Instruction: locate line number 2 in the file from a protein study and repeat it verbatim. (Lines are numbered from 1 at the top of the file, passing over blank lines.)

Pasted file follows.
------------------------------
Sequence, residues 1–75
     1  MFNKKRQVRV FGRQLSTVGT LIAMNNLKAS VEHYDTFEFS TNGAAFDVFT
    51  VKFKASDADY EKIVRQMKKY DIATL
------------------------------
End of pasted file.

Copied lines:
     1  MFNKKRQVRV FGRQLSTVGT LIAMNNLKAS VEHYDTFEFS TNGAAFDVFT